Seven years ago this fall, one of CanLit’s most entertaining (and polite) rivalries was heating up. In one corner, there was Esi Edugyan’s second novel, Half-Blood Blues, a stylistic powerhouse about the persecution of Black jazz musicians during the Second World War. Facing off against Edugyan was Patrick deWitt’s sly comedic western, The Sisters Brothers, the adaptation of which just screened to acclaim at the Toronto International Film Festival.
Both novels, so different in tone and scope, landed on major award shortlists in Canada and abroad, including as finalists for the prestigious Man Booker Prize. While deWitt took home the Rogers Writers’ Trust Fiction Prize, Edugyan came back to win the Scotiabank Giller Prize, which helped launch Half-Blood Blues into Indigo’s bestselling book of 2011.
All this to say that Edugyan’s followup novel, Washington Black — which made this year’s Booker longlist well before its publication date — is one of this season’s most anticipated books. In a fun coincidence, her novel lands just weeks after Patrick deWitt’s delightfully dark new comedy of manners, French Exit. Edugyan hasn’t seen deWitt since 2011, but their paths will cross on this fall’s busy festival circuit.
“It’ll be nice to see him again,” Edugyan says with a laugh, ending any expectations of fisticuffs in the green room.
Despite her runaway sophomore success, awards were the last thing on the Victoria-based author’s mind as she wrote Washington Black, a high adventure that illuminates the lingering horrors of slavery and the complexities of freedom. Whereas Half-Blood Blueswas borne out of Edugyan’s time at a writers’ residency in Stuttgart, Germany, where she worked in the shadows of an 18th-century castle, Washington Black emerged out of a story Edugyan read about “the Tichborne Claimant,” which has enough intrigue to fill a Netflix miniseries.
In the 1850s, a British aristocrat named Roger Tichborne was shipwrecked off the coast of South America and presumed dead. His devastated mother never gave up hope; a decade later, when Lady Tichborne heard that Roger might be alive in Australia, she offered a reward for information. After a butcher named Thomas Castro emerged claiming to be her long-lost son, she sent Andrew Bogle — a former Black slave who had been stolen from a Caribbean plantation to become a family servant — to verify Castro’s identity. When other members of the Tichborne family took the case to court, believing this foreign man to be an imposter, Bogle became a main witness for the defence.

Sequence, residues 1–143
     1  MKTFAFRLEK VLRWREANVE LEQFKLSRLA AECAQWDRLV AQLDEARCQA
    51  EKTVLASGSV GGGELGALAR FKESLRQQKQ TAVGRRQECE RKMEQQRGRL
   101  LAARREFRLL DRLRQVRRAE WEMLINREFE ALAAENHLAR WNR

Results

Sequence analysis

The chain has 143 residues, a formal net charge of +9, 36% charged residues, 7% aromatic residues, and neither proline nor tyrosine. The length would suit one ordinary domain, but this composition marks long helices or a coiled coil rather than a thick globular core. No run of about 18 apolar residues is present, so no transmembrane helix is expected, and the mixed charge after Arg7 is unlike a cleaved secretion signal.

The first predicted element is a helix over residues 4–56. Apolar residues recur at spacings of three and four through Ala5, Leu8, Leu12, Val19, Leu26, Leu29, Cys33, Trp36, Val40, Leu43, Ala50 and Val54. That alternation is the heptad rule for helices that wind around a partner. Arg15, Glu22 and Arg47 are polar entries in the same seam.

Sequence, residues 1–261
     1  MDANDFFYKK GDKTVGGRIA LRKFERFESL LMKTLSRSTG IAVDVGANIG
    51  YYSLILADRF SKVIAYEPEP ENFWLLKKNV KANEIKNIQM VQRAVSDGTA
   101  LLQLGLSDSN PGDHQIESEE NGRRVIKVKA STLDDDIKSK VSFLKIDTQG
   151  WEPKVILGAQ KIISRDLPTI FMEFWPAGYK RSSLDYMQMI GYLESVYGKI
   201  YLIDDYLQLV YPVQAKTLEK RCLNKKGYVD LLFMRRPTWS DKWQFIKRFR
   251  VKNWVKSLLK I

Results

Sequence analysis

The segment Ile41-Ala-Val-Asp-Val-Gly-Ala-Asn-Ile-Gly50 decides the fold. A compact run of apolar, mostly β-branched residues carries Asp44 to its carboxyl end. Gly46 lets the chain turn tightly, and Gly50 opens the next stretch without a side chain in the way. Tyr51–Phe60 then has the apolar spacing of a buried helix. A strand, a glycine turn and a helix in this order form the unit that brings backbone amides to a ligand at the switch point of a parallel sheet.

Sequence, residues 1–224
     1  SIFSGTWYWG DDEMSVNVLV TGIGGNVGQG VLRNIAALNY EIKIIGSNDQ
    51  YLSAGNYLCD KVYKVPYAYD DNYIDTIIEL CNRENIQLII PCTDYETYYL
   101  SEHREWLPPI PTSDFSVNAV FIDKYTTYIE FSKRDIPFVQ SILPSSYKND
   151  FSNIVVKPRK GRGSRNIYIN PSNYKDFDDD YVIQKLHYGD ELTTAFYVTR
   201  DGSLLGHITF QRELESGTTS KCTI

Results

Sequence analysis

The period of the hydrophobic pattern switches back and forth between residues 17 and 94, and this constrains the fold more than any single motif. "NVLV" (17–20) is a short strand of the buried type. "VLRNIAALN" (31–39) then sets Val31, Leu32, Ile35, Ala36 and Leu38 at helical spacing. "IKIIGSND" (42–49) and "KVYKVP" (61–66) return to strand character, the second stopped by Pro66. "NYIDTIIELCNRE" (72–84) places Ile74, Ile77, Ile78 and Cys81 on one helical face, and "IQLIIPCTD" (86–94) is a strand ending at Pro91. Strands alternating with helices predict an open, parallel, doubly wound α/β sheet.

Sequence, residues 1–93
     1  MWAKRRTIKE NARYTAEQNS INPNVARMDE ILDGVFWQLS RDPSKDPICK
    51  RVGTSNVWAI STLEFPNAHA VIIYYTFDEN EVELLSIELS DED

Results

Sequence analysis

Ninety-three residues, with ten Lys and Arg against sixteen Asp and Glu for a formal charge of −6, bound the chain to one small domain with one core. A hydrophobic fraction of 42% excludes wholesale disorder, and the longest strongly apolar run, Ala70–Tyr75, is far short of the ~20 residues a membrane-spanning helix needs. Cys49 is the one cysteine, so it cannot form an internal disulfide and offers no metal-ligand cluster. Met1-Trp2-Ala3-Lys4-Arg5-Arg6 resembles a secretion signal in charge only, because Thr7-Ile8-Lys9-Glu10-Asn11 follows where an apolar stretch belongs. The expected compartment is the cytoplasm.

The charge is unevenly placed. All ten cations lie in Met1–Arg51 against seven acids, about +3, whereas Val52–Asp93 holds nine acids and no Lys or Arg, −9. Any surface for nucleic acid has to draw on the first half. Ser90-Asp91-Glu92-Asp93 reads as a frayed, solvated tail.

It wasn’t the bizarre twists of the Tichborne trials that intrigued Edugyan, but rather the hidden narrative of Bogle’s life that inspired Edugyan to create her character, Washington Black.
“I realized I was more interested in the psychology of being wrenched out of this boyhood of brutality and then taken into an entirely different world, and how that would’ve played out as psychologically foreign,” she says.
After writing the first few chapters, the epic journey of Washington Black began to emerge as the story of a young slave who is plucked from the brutal fields of a 1830s Barbados sugar plantation to become a manservant to Christopher Wilde, an abolitionist and inventor known to his intimates as Titch. Beyond the typical household duties required of the position, Washington is recruited to assist Titch with his experiments, most notably with a hot-air balloon dubbed the Cloud-cutter. Titch soon discovers Washington’s natural artistic talent, which increases the young protege’s value. But, as their bond grows, so do the inherent imbalances in their relationship.
“These are two men who are generally quite like-minded, same interests. But their stations in life were so drastically different that there can be no real equal friendship,” Edugyan says. “My desire was to show how the institution of slavery was so disfiguring and damaging to all human relationships.”